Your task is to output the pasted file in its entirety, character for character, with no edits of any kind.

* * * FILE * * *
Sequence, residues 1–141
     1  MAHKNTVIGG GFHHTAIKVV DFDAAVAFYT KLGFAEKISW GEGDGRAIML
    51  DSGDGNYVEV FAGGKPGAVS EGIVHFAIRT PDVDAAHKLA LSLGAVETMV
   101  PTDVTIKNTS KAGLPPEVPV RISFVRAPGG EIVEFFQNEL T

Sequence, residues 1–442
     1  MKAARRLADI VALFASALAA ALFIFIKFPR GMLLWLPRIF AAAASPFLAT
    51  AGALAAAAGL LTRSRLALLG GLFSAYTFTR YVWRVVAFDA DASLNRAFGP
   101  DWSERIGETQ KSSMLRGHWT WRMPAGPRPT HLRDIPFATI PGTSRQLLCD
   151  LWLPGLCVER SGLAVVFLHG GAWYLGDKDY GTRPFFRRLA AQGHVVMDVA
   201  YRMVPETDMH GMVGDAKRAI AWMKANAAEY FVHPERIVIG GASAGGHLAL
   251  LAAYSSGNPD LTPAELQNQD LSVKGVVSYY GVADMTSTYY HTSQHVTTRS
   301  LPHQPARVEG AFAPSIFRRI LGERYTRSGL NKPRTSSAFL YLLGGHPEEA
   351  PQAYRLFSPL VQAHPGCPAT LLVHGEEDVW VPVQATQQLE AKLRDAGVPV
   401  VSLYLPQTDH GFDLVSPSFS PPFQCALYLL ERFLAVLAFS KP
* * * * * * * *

Sequence, residues 1–141
     1  MAHKNTVIGG GFHHTAIKVV DFDAAVAFYT KLGFAEKISW GEGDGRAIML
    51  DSGDGNYVEV FAGGKPGAVS EGIVHFAIRT PDVDAAHKLA LSLGAVETMV
   101  PTDVTIKNTS KAGLPPEVPV RISFVRAPGG EIVEFFQNEL T

Sequence, residues 1–442
     1  MKAARRLADI VALFASALAA ALFIFIKFPR GMLLWLPRIF AAAASPFLAT
    51  AGALAAAAGL LTRSRLALLG GLFSAYTFTR YVWRVVAFDA DASLNRAFGP
   101  DWSERIGETQ KSSMLRGHWT WRMPAGPRPT HLRDIPFATI PGTSRQLLCD
   151  LWLPGLCVER SGLAVVFLHG GAWYLGDKDY GTRPFFRRLA AQGHVVMDVA
   201  YRMVPETDMH GMVGDAKRAI AWMKANAAEY FVHPERIVIG GASAGGHLAL
   251  LAAYSSGNPD LTPAELQNQD LSVKGVVSYY GVADMTSTYY HTSQHVTTRS
   301  LPHQPARVEG AFAPSIFRRI LGERYTRSGL NKPRTSSAFL YLLGGHPEEA
   351  PQAYRLFSPL VQAHPGCPAT LLVHGEEDVW VPVQATQQLE AKLRDAGVPV
   401  VSLYLPQTDH GFDLVSPSFS PPFQCALYLL ERFLAVLAFS KP